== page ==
Hemp seeds are little powerhouses of protein, vitamin E, and healthy fats. They have a neutral flavor and are tiny in size, making them perfect for adding to salads, smoothies, soups, blended into dressings, desserts, seed butters, porridges, sauces, granola, etc. for a boost of protein. They’re one of my favorite high protein plant-based proteins. Just 3 tablespoons of hemp seeds contain about 10 grams of protein.

Try It: Sprinkle some hemp seeds into your morning smoothie.

No. 6 — Nutritional Yeast

Nutritional yeast is a “superfood” in my book because it contains heaps of B vitamins, protein, and fiber in a very small volume. It’s an inactive form of yeast that’s used as a food and provides a dairy-free cheesy flavor on salads, quinoa blends, rice, potatoes, popcorn, roasted vegetables, etc. It contains about 8-10 grams of protein in just 2 tablespoons.

Try It: Make a Massaged Kale Salad for lunch before your afternoon workout.

No. 7 — Spirulina

Spirulina is a blue-green micro-algae that’s been used for centuries as a food source thanks to its potent nutrient content. Just 2 tablespoons pack 8 grams of protein. It also has an array of health benefits, from antioxidants that fight inflammation, boost immunity, protect the liver, reduce allergic reactions, improve muscle endurance and oxidative stress, and so much more. (5)

Try It: Add spirulina powder to an antioxidant-rich smoothie.

No. 8 — Grapefruit

Grapefruit gets special attention as a pre-workout food and is in the Nutrition Stripped Pantry. I always have them on hand for a quick snack or pre-workout — and I love them juiced in the Citrus 4 Juice. They make a good snack in the morning, juiced, or sliced and added to a salad for a boost in vitamin C. Read more here about the health benefits and an important disclaimer about a compound it has, and potential risks for some individuals.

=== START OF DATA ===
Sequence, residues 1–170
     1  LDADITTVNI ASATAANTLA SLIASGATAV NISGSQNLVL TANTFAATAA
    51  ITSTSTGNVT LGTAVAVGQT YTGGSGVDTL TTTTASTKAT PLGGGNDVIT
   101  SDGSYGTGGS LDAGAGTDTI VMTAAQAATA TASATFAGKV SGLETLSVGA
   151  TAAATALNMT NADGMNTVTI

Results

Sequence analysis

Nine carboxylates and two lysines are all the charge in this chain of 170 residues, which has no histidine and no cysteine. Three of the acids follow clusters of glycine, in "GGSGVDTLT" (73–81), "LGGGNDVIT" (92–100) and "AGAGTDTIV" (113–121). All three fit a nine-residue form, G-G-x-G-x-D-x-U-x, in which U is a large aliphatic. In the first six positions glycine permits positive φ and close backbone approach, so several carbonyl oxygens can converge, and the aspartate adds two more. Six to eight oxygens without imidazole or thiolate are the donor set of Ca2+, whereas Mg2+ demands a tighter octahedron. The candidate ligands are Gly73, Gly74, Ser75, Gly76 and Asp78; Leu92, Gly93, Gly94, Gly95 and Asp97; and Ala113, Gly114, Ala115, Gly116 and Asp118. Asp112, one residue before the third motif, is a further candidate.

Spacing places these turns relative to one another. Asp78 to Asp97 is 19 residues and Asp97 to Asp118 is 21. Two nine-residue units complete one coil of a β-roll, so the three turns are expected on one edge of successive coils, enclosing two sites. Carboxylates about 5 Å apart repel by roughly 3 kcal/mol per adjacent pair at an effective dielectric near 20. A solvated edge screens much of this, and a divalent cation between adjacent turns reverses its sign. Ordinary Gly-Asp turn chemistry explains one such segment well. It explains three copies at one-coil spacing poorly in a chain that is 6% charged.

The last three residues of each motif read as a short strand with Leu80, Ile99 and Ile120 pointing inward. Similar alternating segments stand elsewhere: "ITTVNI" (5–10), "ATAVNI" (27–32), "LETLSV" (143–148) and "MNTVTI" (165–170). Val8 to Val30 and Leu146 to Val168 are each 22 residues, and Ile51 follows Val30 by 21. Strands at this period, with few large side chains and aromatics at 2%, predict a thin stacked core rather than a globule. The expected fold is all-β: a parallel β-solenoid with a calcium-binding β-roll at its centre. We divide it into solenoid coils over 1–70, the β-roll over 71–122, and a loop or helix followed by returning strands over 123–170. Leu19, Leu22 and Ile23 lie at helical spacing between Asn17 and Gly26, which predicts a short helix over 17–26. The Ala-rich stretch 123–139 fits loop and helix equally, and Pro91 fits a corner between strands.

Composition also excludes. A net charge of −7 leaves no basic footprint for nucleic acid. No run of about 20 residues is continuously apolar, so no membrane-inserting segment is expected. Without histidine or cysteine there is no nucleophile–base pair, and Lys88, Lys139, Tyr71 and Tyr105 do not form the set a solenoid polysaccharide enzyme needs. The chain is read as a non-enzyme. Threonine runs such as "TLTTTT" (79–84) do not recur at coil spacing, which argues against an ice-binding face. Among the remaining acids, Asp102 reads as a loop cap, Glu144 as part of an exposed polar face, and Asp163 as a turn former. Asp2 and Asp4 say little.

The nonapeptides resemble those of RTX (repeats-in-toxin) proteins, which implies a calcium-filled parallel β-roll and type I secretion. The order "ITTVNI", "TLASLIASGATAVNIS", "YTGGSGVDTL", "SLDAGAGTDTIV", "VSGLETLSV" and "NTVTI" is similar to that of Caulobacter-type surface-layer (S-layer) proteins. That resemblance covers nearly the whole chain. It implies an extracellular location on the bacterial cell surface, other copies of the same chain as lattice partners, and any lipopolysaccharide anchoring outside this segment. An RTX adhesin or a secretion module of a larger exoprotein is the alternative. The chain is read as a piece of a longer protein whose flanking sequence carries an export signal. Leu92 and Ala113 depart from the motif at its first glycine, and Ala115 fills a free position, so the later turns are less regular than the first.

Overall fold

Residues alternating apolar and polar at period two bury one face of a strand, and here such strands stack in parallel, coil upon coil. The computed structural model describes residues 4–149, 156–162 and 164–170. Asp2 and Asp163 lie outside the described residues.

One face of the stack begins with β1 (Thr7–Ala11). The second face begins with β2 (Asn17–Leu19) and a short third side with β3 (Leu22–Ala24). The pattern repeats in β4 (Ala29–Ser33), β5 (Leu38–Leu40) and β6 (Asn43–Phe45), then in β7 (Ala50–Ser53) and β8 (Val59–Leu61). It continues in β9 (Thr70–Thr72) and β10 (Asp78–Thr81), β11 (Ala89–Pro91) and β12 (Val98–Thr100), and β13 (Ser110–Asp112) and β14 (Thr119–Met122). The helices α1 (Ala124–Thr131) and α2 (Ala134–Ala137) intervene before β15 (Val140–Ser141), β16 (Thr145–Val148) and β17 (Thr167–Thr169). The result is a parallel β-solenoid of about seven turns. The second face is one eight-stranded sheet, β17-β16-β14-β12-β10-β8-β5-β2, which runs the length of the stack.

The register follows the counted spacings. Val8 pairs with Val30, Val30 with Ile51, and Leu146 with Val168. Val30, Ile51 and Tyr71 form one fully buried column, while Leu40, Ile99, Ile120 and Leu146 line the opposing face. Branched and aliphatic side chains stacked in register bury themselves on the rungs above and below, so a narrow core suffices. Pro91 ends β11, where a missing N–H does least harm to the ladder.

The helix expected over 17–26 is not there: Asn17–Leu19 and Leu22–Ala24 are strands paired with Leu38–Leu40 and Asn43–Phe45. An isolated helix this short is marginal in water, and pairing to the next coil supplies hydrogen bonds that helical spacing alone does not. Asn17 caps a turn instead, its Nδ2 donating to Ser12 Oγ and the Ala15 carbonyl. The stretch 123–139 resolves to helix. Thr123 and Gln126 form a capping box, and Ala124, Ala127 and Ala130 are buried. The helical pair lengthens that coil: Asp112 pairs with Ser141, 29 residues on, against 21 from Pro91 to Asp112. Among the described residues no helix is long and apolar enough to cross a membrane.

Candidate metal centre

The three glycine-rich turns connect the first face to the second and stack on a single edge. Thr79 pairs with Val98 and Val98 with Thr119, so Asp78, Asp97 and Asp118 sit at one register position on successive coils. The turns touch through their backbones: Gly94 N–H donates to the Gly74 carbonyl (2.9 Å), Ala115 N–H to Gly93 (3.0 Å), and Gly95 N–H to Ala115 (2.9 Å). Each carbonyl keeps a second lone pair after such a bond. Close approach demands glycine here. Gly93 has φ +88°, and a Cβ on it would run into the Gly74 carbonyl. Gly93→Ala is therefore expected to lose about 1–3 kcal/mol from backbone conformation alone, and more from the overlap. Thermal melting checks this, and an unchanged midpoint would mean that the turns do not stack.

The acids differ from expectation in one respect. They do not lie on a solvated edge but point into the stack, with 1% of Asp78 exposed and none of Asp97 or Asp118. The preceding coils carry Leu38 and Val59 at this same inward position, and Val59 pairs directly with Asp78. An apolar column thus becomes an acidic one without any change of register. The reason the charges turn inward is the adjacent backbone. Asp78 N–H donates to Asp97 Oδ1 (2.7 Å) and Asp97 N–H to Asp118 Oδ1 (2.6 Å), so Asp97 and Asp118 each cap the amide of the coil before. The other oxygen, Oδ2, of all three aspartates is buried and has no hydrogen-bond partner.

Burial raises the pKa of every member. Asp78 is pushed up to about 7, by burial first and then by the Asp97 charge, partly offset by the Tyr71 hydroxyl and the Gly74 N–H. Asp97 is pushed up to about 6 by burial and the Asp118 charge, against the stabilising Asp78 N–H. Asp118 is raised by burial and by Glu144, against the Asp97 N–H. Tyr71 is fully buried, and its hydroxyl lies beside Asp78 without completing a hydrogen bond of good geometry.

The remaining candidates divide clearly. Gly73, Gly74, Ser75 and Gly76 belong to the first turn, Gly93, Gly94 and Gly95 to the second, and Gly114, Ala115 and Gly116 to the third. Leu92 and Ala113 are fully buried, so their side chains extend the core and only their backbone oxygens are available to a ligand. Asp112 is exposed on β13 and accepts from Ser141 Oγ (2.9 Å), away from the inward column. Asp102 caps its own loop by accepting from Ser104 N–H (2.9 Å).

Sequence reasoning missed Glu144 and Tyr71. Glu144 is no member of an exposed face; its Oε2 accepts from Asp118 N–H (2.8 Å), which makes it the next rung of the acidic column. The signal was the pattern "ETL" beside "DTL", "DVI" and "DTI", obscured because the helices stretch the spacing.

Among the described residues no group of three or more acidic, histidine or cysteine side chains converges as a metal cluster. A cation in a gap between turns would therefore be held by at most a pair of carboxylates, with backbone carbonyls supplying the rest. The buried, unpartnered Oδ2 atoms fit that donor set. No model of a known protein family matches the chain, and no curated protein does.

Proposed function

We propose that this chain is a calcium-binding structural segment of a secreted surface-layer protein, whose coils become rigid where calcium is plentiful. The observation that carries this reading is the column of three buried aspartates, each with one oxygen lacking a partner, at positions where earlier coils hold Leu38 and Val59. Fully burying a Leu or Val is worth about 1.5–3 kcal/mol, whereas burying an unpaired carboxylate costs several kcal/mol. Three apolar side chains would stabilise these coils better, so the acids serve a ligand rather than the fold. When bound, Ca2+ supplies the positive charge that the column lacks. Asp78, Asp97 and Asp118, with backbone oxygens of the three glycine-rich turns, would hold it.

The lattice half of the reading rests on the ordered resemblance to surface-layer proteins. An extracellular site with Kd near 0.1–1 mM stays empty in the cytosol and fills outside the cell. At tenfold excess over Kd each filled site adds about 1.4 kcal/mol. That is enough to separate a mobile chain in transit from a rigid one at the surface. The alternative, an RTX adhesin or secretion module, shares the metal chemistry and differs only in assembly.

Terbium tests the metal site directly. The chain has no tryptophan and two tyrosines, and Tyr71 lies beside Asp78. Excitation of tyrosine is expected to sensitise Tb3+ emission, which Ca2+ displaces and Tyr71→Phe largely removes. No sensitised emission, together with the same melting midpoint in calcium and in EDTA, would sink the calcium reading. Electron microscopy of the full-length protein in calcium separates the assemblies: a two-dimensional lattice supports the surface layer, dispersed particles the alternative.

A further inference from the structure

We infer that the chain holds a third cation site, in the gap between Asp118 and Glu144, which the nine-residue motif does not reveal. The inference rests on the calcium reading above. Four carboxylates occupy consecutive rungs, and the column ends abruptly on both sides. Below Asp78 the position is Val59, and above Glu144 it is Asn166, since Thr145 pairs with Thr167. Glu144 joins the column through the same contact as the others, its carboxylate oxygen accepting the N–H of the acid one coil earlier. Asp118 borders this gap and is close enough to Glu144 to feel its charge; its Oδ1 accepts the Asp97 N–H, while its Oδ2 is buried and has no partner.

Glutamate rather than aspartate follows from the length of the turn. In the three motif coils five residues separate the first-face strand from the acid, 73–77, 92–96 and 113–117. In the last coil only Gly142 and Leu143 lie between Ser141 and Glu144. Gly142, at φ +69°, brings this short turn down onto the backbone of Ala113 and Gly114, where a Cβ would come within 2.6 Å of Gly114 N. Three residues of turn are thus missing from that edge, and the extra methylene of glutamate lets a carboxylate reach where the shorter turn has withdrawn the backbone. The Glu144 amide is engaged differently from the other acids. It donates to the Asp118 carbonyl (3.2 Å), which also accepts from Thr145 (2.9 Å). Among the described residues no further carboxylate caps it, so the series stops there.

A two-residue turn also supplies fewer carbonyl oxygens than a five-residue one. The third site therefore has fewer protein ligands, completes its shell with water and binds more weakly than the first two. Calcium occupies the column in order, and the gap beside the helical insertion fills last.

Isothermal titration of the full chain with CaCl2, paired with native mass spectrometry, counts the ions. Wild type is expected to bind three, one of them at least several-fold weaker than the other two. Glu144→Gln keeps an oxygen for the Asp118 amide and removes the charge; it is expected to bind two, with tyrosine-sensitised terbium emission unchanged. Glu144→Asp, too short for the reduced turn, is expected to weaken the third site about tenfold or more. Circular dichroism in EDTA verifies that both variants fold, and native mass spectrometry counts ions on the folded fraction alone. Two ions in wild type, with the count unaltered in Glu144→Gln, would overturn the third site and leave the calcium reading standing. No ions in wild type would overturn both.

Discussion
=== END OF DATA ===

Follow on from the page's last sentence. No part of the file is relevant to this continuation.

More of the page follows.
Try It: Enjoy grapefruit by itself as a simple pre-workout snack.

No. 9 — Berries

Berries, whether that’s blueberries, strawberries, raspberries or blackberries, are a rich source of vitamins, minerals, fiber, and antioxidants. Studies suggest that eating them can reduce risk factors for certain cancers, inflammation, cardiovascular disease and more. Blueberries, in particular, can help speed up muscle recovery after a hard workout. (6)

Try It: Snack on a bowl of fresh berries when they’re in season! Otherwise, enjoy berries as part of a nutrient-dense smoothie bowl for a quick boost.

References

  1. Kerksick, C., Harvey, T., Stout, J., Campbell, B., Wilborn, C., Kreider, R., . . . Antonio, J. (2008, October 03). International Society of Sports Nutrition position stand: nutrient timing.
  2. Lowery, L. M. (2004, September 01). Dietary fat and sports nutrition: a primer.
  3. Nieman, D. C., Gillitt, N. D., Henson, D. A., Sha, W., Shanely, R. A., Knab, A. M., . . . Jin, F. (2012). Bananas as an Energy Source during Exercise: A Metabolomics Approach.
  4. Meeusen, R. (2014). Exercise, Nutrition and the Brain.Ku, C. S., Yang, Y., Park, Y., & Lee, J. (2013, February).
  5. Health Benefits of Blue-Green Algae: Prevention of Cardiovascular Disease and Nonalcoholic Fatty Liver Disease.
  6. McLeay, Yanita,  Barnes, Matthew J., Mundel, Toby, Hurst, Suzanne, M., Hurst, Roger, D., Stannard, Stephen, R. Effect of New Zealand blueberry consumption on recovery from eccentric exercise-induced muscle damage.

Resources

Learn more about workout nutrition by visiting these additional resources:

  1. Workout Nutrition, Explained, Nutrition Stripped
  2. Fuel Your Fitness, Nutrition Stripped

Let’s Hear It

Did anything make the list that surprised you? Do you have a go-to workout snack or meal? I’d love to hear—and so would others in the community!—in the comments below. Connect with NS on Instagram @NutritionStripped #NutritionStripped to continue the conversation.